Body Piercings

Body piercings are puncture wounds made in body tissue to allow jewelry to be inserted. Piercings are popular with men, women and children of all age groups, but it is important to be aware that invasive body art can pose health risks.

One of the most common areas of the body for piercings is the earlobe. While all piercings carry some risks, most dermatologists agree, ear piercing is typically safer than piercings performed on other parts of the body. However, gauge earrings which stretch the ear through the insertion of progressively larger plugs or gauges carries greater risk.

When done too quickly, gauging can cause the ear lobe to split and may lead to severe scarring. Large gauge openings also won’t grow back if you decide to remove the jewelry. The only options for disguising the hole are skin colored plugs or plastic surgery.

When infections occur as a result of piercings of the eyebrow, nose, naval, tongue, lip, nipple and external genitalia, they can lead to more serious complications since deeper tissue or cartilage is often involved.

Penetrating the skin with any object carries the risk of infection, and infections due to piercings are common. These infections can usually be treated with topical medications applied directly to the affected skin near the body piercing. Rarely, they can be serious with reports of hepatitis B and C, tetanus, HIV, staphylococcus aureus and even tuberculosis linked to body piercing.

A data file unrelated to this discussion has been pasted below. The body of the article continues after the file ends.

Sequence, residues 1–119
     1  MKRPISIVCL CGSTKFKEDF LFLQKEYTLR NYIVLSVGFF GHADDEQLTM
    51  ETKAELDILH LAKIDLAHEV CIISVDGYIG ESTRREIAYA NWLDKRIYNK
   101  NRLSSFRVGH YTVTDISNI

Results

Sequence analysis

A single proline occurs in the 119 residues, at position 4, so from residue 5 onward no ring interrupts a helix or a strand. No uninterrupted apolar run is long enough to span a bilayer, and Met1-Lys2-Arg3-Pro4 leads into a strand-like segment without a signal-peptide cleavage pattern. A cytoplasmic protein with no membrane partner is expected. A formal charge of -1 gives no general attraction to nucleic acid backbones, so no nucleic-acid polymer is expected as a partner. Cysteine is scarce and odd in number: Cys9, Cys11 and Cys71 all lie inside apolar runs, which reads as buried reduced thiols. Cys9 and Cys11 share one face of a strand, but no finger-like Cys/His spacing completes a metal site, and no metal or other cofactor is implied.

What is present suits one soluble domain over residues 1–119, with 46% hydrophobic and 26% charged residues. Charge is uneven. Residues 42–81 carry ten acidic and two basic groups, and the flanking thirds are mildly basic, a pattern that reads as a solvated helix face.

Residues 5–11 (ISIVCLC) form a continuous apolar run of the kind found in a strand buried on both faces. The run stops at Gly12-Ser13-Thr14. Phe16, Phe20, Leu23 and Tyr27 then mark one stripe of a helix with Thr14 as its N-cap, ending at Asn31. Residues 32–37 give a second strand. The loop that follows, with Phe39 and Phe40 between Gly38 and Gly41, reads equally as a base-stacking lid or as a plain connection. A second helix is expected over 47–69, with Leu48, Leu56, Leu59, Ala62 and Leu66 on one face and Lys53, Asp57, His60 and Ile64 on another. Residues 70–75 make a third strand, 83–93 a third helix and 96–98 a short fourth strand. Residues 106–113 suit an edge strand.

Other complications that can occur as a result of body piercing include prolonged bleeding, scarring, inflammation, abscess at the piercing site, granuloma development, allergic reaction to the jewelry, and nerve damage.

To reduce the risk of complications association with body piercing, it’s important to:

Ask your dermatologist for advice on finding a safe piercing facility. If you experience complications after body piercing, schedule an appointment at a dermatology clinic for proper treatment.

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